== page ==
CFOs’ Optimism Declines, Study Finds
Optimism among U.S. chief financial officers tumbled to a three-year low this quarter as executives struggled with high fuel and labor costs, rising interest rates and pricing pressures, according to a business outlook survey released Thursday.
In the survey, 40% of company financial chiefs were more optimistic about the economy than they were in the previous quarter, down from 46% last quarter and 70% a year ago, the survey of 365 U.S. chief financial officers by Duke University and CFO Magazine showed.
“In a situation like this, where the optimists barely outweigh the pessimists, we can expect to see sluggish economic growth,” said John Graham, professor of finance at Duke’s Fuqua School of Business.
The survey, which also polled hundreds of Asian and European corporate finance chiefs, showed Asian CFOs were as cautious as U.S. CFOs, while almost a majority of European financial chiefs were explicitly pessimistic.
American CFOs were most concerned about the cost of healthcare. They expected those costs to rise 9% in the coming year, on average, the survey showed. They also were concerned about high fuel prices, particularly in the face of limited pricing power.
CFOs also were nervous about the effects on the economy if the Federal Reserve continued to raise its key short-term interest rate, now 3%.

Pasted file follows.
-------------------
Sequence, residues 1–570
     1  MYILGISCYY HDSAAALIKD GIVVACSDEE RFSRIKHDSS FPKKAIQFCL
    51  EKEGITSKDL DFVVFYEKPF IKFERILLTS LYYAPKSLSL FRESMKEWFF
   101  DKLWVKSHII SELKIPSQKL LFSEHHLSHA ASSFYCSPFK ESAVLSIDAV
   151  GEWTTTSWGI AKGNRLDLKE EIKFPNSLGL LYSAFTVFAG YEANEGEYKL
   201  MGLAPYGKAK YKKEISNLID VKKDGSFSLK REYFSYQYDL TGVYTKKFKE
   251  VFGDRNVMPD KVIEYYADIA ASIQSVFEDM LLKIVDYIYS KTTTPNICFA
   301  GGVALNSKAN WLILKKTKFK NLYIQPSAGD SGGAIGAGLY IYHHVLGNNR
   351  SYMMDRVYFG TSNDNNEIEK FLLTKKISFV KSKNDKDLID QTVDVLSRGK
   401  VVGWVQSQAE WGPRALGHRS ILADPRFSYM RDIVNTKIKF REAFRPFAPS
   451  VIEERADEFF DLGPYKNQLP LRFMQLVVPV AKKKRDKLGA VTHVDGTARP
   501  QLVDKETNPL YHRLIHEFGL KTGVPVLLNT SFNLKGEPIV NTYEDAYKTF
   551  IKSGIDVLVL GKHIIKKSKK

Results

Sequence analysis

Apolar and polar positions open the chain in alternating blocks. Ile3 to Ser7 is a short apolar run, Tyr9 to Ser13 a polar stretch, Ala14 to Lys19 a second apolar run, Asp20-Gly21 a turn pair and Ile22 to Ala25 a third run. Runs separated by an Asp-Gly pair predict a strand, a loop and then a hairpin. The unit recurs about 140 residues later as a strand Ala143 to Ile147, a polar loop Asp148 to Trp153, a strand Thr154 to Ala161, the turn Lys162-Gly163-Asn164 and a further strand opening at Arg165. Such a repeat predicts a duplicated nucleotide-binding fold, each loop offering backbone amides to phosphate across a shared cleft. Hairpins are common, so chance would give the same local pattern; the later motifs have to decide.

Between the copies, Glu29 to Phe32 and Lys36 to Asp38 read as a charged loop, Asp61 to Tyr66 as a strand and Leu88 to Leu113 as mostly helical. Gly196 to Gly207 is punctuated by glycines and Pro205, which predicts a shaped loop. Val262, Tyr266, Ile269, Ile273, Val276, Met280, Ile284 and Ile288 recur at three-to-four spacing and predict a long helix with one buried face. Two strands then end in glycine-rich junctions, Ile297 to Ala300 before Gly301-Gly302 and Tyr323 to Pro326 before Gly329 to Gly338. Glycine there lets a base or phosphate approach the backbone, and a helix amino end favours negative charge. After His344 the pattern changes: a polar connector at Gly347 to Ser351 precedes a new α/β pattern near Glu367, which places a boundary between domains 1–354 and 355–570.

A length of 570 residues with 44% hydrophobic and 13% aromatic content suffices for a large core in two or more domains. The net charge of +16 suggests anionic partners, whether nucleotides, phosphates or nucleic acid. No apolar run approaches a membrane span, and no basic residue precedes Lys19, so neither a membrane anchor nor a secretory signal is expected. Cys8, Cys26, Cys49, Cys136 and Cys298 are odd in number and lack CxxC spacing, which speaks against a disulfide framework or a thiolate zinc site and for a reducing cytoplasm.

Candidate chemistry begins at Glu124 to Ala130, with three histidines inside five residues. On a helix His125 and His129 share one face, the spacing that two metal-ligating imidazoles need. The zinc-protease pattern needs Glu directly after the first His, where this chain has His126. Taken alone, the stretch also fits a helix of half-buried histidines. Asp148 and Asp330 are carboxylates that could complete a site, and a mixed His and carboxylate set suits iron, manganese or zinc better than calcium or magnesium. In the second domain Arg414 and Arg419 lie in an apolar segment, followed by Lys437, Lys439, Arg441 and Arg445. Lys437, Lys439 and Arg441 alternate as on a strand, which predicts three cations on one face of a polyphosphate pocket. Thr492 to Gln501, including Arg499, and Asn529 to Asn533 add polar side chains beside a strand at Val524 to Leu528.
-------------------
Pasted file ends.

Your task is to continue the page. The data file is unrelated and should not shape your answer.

“Right now, the CFOs say we’re kind of at a tipping point, where further increases in interest rates would start to put a drag on the economy,” Graham said.
Of CFOs surveyed, 83.2% said a Fed rate of 4% would slow U.S. economic growth overall, but far fewer -- 43% -- said it would slow growth at their own firms.
As rising interest rates contribute to higher costs, many CFOs said they would reduce their capital spending plans.
Two-thirds of the CFOs polled still plan to increase capital spending in the near term, but they have lower expectations for what they can spend. CFOs, on average, expected to increase capital spending 4.5% in the next quarter, below the 5.4% increase they expected last quarter.
As for their own product and service prices, CFOs forecast that they would be able to raise prices 2.1% in the next 12 months, up from the 2% they forecast last quarter.
The majority said rising prices for energy and raw materials in general were the main reason that they would need to raise prices, and 12% cited labor costs.